Think about it. I grew up in Harlem, Montana in the 50’s and 60’s. A trip to Chinook was a big deal. The Harlem News used to report when so-and-so motored to Havre to visit relatives, told us who sat around the table, what the happy family had for dinner and assured us that a good time was had by all. Great Falls was another country. Any place further away was out of our world.

            Life was hard but expectations were easy. As a girl I was expected to marry a Valley farmer like my Dad, have kids, bake bread, grow a garden, put up green beans, all of which I dutifully did. It’s a good life. But after ten years I hit a wall and turned left.

              After many walls and a circuitous route in and out of Montana more than once, I’ve landed in a mountain valley near Guadalajara. Yesterday I told my friend Jerry in Idaho, “I can truthfully say I’ve never been happier.”

            Happy, yes. An interesting concept. I doubt “happy” has anything to do with geography. Or people. Certainly not with acquisitions and money. I’ve never been more alone. I’ve never had less stuff. It’s an inside job and I have no explanation, logical or magical.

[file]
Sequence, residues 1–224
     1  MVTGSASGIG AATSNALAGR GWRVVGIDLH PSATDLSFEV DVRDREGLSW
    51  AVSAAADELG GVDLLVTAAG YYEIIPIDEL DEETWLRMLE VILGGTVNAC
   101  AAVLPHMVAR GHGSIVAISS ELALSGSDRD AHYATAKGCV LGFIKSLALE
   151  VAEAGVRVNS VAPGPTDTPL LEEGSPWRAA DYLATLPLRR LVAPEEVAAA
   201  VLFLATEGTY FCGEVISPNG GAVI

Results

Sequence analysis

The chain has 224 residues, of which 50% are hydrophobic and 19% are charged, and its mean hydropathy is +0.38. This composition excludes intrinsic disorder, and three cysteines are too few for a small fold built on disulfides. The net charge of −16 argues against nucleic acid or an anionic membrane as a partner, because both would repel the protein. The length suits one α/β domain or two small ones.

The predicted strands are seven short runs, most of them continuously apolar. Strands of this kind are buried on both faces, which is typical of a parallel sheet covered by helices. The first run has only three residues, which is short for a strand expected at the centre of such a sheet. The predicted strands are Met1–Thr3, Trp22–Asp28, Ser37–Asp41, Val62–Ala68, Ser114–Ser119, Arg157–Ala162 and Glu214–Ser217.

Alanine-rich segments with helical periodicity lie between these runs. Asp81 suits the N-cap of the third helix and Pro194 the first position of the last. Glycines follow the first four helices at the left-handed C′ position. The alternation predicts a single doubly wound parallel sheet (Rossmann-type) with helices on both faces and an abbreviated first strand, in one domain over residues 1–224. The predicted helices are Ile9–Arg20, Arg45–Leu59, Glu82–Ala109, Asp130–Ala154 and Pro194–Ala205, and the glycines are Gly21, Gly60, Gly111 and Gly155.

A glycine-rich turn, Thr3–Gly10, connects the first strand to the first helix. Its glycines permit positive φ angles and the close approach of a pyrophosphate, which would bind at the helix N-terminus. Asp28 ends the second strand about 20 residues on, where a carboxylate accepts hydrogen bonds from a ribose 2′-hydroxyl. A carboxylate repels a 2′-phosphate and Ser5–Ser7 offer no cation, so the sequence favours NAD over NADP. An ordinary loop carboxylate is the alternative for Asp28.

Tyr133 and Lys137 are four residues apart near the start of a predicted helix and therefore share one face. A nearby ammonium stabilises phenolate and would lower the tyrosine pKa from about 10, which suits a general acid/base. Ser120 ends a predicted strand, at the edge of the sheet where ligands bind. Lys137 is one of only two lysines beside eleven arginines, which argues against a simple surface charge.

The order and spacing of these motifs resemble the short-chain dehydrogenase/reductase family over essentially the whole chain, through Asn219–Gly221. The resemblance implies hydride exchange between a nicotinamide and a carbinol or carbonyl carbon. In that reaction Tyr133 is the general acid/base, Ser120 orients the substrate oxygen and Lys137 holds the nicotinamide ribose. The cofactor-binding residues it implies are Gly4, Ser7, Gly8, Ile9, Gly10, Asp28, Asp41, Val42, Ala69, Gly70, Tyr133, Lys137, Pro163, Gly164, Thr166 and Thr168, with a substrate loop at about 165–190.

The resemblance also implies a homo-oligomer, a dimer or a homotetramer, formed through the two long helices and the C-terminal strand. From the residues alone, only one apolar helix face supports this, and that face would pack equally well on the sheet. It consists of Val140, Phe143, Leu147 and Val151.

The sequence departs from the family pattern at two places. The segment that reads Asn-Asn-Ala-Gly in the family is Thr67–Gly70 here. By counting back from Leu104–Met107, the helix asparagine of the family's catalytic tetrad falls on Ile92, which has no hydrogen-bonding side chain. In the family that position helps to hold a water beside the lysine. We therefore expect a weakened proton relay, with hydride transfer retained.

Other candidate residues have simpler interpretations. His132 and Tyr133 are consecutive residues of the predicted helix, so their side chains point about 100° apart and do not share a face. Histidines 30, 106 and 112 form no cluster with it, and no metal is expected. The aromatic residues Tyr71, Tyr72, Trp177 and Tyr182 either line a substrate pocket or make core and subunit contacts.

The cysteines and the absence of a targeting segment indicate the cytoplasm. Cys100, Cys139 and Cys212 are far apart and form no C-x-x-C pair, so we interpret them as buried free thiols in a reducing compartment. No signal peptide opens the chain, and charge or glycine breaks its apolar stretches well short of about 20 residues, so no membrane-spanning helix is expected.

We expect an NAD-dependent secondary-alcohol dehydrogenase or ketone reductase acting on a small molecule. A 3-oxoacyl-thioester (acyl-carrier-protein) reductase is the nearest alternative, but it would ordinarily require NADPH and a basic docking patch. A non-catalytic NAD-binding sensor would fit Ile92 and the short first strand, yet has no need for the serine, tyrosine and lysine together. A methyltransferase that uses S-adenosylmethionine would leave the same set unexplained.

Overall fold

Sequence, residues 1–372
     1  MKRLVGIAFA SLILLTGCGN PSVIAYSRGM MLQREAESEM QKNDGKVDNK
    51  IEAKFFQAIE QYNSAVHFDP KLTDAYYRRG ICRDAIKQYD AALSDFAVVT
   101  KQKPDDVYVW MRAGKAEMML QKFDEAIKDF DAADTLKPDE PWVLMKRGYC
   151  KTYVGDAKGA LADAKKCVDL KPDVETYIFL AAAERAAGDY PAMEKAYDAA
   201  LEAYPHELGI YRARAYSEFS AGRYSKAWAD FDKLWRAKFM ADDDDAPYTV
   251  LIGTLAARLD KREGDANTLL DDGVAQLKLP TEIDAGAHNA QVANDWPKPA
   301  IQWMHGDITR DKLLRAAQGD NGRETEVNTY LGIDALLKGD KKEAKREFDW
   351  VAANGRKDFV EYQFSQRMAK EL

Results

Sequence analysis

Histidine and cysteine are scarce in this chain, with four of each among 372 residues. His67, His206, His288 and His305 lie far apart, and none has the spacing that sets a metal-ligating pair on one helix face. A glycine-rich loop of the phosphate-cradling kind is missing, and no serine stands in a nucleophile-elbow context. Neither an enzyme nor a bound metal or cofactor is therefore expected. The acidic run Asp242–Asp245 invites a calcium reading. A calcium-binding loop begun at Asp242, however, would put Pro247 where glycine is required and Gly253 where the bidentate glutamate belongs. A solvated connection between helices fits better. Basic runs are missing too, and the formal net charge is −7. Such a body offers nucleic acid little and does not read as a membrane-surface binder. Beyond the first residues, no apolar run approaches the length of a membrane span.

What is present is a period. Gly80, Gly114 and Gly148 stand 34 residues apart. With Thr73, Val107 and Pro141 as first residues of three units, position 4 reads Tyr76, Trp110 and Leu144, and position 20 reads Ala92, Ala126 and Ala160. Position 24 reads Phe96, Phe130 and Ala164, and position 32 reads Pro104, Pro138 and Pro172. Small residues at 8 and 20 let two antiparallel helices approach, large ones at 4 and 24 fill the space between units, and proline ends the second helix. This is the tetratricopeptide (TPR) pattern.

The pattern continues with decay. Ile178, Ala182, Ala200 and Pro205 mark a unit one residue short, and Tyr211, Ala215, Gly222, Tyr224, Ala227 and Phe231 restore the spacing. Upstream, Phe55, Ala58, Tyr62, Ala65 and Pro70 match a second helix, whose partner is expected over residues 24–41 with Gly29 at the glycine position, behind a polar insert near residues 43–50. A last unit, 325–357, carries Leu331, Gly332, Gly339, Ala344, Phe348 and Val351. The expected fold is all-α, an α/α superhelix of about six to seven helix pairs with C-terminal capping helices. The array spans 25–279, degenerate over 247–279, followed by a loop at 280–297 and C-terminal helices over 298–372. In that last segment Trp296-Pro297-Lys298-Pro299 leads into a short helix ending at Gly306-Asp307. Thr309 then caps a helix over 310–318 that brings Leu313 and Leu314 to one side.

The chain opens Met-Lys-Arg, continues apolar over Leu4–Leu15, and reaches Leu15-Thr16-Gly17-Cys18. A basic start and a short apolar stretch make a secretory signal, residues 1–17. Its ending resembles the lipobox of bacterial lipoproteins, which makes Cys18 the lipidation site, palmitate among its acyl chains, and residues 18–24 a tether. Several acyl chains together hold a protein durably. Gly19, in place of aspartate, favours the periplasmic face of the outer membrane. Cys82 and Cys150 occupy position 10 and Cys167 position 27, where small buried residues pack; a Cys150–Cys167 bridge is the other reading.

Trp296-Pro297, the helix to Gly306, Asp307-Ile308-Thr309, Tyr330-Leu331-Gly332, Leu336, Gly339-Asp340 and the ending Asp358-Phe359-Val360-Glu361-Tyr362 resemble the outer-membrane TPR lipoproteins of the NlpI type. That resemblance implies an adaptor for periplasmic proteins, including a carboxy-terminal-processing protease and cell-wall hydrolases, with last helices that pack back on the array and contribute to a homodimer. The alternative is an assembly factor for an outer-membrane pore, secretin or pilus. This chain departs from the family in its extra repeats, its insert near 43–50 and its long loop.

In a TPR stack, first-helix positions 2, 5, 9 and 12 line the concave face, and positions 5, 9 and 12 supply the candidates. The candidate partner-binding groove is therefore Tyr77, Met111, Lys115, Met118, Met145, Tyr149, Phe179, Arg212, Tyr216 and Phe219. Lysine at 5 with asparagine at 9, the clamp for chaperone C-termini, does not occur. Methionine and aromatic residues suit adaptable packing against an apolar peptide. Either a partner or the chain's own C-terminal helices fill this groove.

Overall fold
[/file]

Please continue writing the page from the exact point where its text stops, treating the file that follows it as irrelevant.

Today a young woman I know called me to thank me.

“For what?” I asked.

            “You taught me that you cannot put shoes on a shark.”

            My mind immediately conjured a cartoon “Jaws” wearing red Converse high tops.

            I am speechless. I don’t remember saying anything like that. In fact, I’m puzzled what “shoes on a shark” might mean. We never know how somebody else will take meaning from what we say or do.

            But, maybe, just maybe, that is my secret from myself. Maybe I have quit trying to put shoes on my shark.

            It is possible that this person I am, this Sondra, is more myself than I’ve ever been, shorn of any pretense, any need to be or do or appear other than I am. Warts and all.

            Summertime and the living is easy. I look up and the first thing I see is an orange hibiscus blossom. I take a deep breath and smell jasmine. A striped green lizard is crawling along my brick wall. A tub of mangoes sit on the counter, waiting for me to slice and freeze for pies throughout the year. My first guava is ripe. Josue gave me pomegranates from his tree.